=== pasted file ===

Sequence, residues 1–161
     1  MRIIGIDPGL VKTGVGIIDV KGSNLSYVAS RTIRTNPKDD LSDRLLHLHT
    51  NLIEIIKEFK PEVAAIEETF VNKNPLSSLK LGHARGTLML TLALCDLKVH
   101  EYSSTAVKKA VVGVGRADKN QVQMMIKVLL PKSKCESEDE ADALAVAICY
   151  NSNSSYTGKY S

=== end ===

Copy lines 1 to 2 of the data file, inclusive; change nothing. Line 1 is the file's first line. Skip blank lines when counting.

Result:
Sequence, residues 1–161
     1  MRIIGIDPGL VKTGVGIIDV KGSNLSYVAS RTIRTNPKDD LSDRLLHLHT